Air raid to Reno
Most Division I quarterbacks have two to three years of starting experience under their belt in high school.
It the cutthroat world of college athletics, however, one Fallon standout only needs one year to reach his goal.
Joe Pyle, who led the Fallon football team to the Nevada DI-A state semifinals, did just that as the former Greenwave signal caller makes the move to the University of Nevada this fall.
“It’s both a sense of relief and excitement,” he said of the decision. “I was excited at the opportunity because of how the coaches have been and going into a family atmosphere where they do care about me even though I am a walk on.”
Road to Reno
Like thousands of athletes across the country, Pyle’s dream of playing college started at an early age. Still in middle school, Pyle traversed the country to attend as many camps as he could.
Upon entering high school, he continued his pursuit and was a starter on the freshman and JV teams. Still, in the offseason he would attend as many camps as possible in hopes of catching the eye of big-time college program.
But there was a roadblock in the form of a former teammate. Pyle played sparingly his junior season as former Wave quarterback Morgan Dirickson finished his three-year reign.
Pyle, though, was unfazed and continued to improve despite his limited action on the field.
“To Joe’s credit, he was still able to get better that junior and get better so he was ready to go his senior year,” Hill said. “He was truly ready to go … and he was very productive when he got in there.”
Once Pyle was tabbed the starter, he came in prepared in hopes of ending a 30-plus year state title drought. Although the team came up short in the state semifinals, Pyle was named the Northern DI-A’s Offensive Player of the Year and to the All-State team.
He completed 124 of 217 passes for 1,758 yards with 20 touchdowns and just three interceptions. In addition, ran the ball 74 times for 336 yards and six TDs.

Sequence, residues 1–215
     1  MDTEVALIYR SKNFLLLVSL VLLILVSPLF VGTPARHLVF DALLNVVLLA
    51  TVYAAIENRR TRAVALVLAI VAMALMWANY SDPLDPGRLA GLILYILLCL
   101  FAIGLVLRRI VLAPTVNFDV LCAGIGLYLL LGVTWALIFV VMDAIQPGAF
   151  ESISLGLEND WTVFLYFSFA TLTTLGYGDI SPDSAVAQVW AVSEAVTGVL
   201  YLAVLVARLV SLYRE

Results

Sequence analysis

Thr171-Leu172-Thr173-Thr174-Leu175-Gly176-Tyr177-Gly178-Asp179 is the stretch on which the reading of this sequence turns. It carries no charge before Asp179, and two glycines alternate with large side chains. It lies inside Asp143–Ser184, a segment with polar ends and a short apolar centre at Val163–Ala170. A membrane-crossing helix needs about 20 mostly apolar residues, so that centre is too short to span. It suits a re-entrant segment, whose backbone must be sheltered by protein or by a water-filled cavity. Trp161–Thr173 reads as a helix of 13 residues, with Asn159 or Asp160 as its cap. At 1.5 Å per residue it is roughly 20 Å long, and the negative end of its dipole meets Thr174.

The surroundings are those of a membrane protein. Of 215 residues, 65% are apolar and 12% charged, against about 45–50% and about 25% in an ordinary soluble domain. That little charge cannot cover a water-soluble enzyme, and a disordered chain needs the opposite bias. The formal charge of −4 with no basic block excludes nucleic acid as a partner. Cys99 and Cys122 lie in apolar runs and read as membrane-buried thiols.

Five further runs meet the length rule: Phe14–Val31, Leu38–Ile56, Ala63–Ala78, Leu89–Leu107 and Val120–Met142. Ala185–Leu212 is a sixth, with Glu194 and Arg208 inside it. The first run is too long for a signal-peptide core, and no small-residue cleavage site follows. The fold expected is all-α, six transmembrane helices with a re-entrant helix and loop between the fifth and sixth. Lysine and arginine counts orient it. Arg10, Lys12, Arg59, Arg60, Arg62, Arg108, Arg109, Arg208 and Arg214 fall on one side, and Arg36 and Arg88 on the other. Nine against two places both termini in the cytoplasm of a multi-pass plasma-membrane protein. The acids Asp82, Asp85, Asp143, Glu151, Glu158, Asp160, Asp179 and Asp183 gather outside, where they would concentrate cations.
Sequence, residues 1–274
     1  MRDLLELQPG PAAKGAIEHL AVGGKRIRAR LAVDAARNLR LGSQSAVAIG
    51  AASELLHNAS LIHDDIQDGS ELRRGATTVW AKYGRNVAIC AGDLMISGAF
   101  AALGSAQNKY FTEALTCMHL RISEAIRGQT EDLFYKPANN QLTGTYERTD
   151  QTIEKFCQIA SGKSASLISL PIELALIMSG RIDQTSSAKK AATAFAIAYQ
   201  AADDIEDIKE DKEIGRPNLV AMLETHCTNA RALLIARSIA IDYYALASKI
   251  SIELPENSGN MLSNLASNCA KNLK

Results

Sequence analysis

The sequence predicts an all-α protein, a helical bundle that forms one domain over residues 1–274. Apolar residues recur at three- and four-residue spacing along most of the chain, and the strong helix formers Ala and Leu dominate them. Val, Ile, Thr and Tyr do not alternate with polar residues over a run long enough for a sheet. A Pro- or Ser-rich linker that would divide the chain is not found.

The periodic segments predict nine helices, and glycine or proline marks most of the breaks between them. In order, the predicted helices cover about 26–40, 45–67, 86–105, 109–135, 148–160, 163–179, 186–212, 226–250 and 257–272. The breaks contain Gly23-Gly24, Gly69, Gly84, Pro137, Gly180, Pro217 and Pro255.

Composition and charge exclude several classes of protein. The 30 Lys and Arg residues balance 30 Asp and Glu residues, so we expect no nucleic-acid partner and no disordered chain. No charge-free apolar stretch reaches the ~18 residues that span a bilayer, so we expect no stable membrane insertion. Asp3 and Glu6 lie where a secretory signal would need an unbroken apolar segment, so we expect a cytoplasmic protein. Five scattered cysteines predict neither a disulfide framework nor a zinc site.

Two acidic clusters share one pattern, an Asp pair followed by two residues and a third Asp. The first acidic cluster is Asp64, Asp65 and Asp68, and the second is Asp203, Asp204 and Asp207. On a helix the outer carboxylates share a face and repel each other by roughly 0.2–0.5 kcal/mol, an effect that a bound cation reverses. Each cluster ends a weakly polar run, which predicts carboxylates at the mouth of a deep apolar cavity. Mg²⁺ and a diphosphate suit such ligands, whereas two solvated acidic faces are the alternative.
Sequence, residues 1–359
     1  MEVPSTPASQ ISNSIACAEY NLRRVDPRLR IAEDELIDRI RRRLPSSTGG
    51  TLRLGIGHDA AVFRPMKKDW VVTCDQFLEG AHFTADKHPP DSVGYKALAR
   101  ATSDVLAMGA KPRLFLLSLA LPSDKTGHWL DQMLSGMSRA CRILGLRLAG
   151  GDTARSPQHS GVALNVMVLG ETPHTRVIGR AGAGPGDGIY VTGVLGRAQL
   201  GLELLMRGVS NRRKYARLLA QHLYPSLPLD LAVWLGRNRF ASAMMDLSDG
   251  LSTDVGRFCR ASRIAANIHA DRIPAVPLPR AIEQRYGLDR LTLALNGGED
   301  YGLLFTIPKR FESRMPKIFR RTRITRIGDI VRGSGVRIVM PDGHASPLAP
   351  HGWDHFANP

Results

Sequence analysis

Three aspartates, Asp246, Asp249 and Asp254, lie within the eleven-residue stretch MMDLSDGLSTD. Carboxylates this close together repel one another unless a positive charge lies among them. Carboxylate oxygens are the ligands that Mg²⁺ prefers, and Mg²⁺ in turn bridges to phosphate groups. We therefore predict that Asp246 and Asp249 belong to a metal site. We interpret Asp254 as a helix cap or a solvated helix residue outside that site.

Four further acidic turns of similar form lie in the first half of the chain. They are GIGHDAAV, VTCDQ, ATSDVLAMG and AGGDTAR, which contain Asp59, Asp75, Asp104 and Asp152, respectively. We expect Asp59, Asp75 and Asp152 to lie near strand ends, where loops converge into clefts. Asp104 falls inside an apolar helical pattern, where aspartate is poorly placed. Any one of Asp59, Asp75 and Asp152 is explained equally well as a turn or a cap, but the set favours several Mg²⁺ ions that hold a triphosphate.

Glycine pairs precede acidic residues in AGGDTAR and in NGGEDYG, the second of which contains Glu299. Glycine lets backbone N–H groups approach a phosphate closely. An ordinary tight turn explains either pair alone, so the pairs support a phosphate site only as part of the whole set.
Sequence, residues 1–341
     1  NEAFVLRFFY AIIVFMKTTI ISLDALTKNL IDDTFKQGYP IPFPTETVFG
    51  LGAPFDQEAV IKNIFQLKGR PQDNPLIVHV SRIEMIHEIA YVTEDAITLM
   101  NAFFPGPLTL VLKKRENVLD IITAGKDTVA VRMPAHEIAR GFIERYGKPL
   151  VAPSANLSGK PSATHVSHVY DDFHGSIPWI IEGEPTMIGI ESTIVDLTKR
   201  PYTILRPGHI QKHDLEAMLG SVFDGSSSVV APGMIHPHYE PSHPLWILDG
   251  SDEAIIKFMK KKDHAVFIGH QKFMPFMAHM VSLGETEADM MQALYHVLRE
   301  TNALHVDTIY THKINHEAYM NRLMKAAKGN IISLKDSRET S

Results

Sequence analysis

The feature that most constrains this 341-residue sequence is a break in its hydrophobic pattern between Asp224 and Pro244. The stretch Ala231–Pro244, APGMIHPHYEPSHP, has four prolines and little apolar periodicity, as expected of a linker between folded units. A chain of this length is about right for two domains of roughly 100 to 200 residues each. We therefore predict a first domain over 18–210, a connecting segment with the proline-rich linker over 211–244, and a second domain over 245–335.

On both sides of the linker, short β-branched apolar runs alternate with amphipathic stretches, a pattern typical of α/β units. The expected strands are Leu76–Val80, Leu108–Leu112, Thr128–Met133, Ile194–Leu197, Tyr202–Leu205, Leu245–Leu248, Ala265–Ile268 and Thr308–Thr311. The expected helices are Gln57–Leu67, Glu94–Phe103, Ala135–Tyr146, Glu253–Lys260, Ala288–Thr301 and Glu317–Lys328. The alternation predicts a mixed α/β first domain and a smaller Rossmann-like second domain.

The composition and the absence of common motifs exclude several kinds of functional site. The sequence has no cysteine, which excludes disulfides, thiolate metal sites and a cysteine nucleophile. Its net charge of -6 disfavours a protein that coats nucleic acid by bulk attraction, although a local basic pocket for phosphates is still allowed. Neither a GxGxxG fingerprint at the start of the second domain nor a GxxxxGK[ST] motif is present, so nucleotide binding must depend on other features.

“He’s built himself into a very fine athlete,” Hill added. “He has tremendous arm strength and football smarts. He understands coverage, he understands what we are trying to with our system. They’re going to have different verbage … and hopefully that transition is faster than some others.”
Next up, though, was finding a new place to call home. He had interest from several smaller schools, but was invited to Nevada as part of a “walk-on” day after an in-school visit from Nevada assistant coach Mike Bradeson.
“He came to visit coach Hill and me and pulled me out of class and they introduced the idea of me walking on,” Pyle said. “I was really excited about it and a few months later went to the walk-on day. A few weeks later I decided to go for it.”
The selling points
Pyle had interest from numerous schools including the University of Redlands (Calif.), Cal Lutheran, St. Francis (Ill.), Colorado School of Mines and Colorado Mesa.
But one school was left, and Pyle was impressed with his visit to Nevada.
There, he met with head coach Brian Polian, offensive coordinator Nick Rolovich and recruiting coordinator Mike Bradeson. The trio of coaches had watched film of Pyle and with his size, about 6-foot-3, 210 pounds, arm strength, knowledge of the game and academic history, sold the Fallon product on the Wolf Pack.